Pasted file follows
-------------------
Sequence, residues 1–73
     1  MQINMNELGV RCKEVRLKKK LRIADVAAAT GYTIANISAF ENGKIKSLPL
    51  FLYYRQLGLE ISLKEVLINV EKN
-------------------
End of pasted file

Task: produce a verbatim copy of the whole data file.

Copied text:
Sequence, residues 1–73
     1  MQINMNELGV RCKEVRLKKK LRIADVAAAT GYTIANISAF ENGKIKSLPL
    51  FLYYRQLGLE ISLKEVLINV EKN